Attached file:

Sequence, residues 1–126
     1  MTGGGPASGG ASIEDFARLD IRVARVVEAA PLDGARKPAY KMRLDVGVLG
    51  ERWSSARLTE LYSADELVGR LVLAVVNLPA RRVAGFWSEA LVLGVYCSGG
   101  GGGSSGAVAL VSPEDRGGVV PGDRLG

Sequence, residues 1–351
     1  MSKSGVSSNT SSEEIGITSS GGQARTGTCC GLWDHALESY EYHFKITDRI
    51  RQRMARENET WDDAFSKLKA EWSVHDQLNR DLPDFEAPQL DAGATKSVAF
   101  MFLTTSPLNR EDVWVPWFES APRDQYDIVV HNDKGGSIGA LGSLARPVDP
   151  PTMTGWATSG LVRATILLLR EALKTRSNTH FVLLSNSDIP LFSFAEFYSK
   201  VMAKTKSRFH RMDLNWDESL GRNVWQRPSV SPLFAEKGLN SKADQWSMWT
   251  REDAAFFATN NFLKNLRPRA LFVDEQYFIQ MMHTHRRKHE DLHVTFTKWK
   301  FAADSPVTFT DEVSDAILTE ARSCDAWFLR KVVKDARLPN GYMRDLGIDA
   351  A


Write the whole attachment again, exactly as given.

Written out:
Sequence, residues 1–126
     1  MTGGGPASGG ASIEDFARLD IRVARVVEAA PLDGARKPAY KMRLDVGVLG
    51  ERWSSARLTE LYSADELVGR LVLAVVNLPA RRVAGFWSEA LVLGVYCSGG
   101  GGGSSGAVAL VSPEDRGGVV PGDRLG

Sequence, residues 1–351
     1  MSKSGVSSNT SSEEIGITSS GGQARTGTCC GLWDHALESY EYHFKITDRI
    51  RQRMARENET WDDAFSKLKA EWSVHDQLNR DLPDFEAPQL DAGATKSVAF
   101  MFLTTSPLNR EDVWVPWFES APRDQYDIVV HNDKGGSIGA LGSLARPVDP
   151  PTMTGWATSG LVRATILLLR EALKTRSNTH FVLLSNSDIP LFSFAEFYSK
   201  VMAKTKSRFH RMDLNWDESL GRNVWQRPSV SPLFAEKGLN SKADQWSMWT
   251  REDAAFFATN NFLKNLRPRA LFVDEQYFIQ MMHTHRRKHE DLHVTFTKWK
   301  FAADSPVTFT DEVSDAILTE ARSCDAWFLR KVVKDARLPN GYMRDLGIDA
   351  A